Clearly, Amazon.com and eBay are major — and aggressive — price-oriented online retailers. And yes, they have clobbered some store retailers’ profit margins and driven many store retailers out of business. And yes, they are competing with each other as well as other retailers.
But, despite the prowess of such successful online retailers, is store-based retailing really headed to the graveyard or dinosaur status? As Mark Twain once said: “The reports of my death have been greatly exaggerated.”
The most underwritten-about statistic in all the stories about online retailers clobbering their store-based counterparts is SIX PERCENT. This is the value of total U.S. retail purchases completed online. Guess who generates 90+ percent?
Consider these observations by Jeff Himmelman, writing for the New York Times:
“For some time now, physical retailers have lived in fear of the various ways in which Amazon can undercut them. If you’re looking for a product that you don’t need to try on or try out, Amazon’s customer analytics and nationwide network of 40-plus enormous fulfillment centers is awfully tough to compete with. And even if you do need to try something on, Amazon conveniently includes a bar-code scanner in its mobile application so you can compare prices while you’re in a store and then have the same item shipped to your home with just a few clicks. Amazon holds such sway that for many it’s the default place to buy things online.”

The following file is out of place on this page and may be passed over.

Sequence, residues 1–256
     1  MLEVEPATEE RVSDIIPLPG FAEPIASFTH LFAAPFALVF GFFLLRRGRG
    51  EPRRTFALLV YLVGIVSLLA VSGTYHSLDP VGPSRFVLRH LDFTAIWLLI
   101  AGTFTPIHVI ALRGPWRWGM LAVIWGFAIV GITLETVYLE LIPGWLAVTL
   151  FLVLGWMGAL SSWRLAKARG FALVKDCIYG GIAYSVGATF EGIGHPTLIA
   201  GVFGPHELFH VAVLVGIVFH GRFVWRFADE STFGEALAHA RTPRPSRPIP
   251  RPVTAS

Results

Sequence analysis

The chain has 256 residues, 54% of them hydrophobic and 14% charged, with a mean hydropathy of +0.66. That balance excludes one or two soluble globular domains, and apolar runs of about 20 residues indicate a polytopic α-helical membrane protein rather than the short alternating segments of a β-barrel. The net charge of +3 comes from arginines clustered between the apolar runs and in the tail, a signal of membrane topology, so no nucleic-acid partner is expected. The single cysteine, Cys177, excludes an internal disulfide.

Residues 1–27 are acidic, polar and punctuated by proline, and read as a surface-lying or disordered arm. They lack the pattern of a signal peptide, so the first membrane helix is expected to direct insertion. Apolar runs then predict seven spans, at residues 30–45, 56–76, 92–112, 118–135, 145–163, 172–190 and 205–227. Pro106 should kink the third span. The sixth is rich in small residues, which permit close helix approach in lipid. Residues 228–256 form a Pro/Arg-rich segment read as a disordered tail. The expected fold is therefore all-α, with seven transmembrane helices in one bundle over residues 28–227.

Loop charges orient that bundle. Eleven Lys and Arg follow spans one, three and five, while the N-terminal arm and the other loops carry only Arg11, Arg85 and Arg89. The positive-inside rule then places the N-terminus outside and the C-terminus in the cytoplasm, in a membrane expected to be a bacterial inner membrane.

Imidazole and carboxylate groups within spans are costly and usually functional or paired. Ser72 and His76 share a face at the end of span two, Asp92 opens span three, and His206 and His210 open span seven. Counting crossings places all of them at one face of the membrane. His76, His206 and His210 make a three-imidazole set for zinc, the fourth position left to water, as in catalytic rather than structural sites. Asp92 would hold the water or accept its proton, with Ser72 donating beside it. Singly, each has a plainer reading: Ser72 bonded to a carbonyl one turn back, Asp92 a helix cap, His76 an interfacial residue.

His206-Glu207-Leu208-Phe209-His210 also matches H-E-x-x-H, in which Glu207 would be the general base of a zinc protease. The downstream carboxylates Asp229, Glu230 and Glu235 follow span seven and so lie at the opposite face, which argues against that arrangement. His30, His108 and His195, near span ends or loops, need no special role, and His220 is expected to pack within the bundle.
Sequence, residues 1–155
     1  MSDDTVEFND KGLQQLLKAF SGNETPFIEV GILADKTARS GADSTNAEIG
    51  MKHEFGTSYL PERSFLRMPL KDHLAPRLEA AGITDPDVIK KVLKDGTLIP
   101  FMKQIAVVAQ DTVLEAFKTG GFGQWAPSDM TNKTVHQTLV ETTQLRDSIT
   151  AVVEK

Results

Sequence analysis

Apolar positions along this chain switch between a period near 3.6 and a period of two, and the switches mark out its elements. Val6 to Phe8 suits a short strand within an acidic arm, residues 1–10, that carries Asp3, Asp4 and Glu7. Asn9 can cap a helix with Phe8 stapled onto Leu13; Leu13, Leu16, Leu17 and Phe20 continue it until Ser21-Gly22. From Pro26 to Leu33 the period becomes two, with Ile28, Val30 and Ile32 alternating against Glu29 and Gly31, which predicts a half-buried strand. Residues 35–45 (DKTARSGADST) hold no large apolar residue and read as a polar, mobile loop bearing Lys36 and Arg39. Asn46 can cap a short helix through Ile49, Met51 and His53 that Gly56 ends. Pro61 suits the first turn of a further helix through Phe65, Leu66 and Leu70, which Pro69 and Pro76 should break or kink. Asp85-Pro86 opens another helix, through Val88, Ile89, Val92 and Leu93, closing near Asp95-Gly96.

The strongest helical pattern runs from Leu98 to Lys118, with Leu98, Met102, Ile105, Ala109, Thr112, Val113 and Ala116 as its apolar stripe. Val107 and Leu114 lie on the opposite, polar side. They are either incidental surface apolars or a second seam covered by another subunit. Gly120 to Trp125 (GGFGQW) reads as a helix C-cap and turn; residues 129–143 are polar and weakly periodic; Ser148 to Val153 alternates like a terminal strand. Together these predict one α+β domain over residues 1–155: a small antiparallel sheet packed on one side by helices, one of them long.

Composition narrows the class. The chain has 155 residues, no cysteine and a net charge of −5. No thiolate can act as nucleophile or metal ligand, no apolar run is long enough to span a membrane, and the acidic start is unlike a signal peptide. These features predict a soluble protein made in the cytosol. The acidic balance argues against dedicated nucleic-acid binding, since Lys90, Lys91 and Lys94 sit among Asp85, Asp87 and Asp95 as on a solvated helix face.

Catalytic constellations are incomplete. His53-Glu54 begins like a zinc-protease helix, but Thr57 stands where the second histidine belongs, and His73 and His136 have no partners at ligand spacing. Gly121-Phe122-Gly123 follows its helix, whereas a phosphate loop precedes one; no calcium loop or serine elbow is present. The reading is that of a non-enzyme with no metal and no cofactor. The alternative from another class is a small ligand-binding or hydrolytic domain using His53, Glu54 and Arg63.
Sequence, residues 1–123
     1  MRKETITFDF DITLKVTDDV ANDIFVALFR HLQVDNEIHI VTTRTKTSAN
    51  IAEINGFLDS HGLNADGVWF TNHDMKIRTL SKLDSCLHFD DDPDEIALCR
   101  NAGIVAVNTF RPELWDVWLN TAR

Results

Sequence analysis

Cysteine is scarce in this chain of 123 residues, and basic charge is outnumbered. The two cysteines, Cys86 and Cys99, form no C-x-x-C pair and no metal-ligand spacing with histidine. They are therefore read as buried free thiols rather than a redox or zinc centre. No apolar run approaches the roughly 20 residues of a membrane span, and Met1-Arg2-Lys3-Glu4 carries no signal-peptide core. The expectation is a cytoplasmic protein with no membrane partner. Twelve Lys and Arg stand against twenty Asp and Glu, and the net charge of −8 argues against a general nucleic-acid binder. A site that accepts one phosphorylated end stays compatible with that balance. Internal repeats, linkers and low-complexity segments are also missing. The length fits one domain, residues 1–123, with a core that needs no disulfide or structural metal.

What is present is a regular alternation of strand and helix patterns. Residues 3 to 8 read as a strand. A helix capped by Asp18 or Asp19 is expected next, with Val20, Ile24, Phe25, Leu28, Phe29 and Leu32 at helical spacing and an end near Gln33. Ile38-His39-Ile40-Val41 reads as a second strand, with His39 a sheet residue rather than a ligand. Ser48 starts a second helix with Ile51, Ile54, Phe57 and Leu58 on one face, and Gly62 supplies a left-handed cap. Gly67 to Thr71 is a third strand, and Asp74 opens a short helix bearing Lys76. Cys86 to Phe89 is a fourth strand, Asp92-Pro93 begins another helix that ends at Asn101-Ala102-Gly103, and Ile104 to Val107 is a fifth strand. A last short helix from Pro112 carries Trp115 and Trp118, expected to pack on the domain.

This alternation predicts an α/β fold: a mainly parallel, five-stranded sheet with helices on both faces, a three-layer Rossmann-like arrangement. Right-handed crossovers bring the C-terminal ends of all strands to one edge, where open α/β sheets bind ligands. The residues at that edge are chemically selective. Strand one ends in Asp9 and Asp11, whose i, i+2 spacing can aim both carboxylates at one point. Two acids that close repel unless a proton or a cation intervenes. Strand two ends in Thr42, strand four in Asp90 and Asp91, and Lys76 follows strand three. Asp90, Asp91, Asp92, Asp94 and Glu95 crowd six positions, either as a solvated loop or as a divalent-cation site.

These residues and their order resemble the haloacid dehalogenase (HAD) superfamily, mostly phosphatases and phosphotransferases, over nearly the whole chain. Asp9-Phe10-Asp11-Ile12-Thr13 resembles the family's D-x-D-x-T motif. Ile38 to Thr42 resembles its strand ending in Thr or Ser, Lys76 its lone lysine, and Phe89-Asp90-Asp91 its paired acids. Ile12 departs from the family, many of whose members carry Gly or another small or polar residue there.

“And yet online commerce currently accounts for only about 6 percent of all commerce in the United States. We still buy more than 90 percent of everything we purchase offline, often by handing over money or swiping a credit card in exchange for the goods we want. But the proliferation of smartphones and tablets has increasingly led to the use of digital technology to help us make those purchases, and it’s in that convergence that eBay sees its opportunity: ‘We view it actually as and. Not online, not offline: Both.’’’
Click the image to read more from Himmelman.
Photo illustration by Grant Cornett. Prop Stylist: Janine Iversen.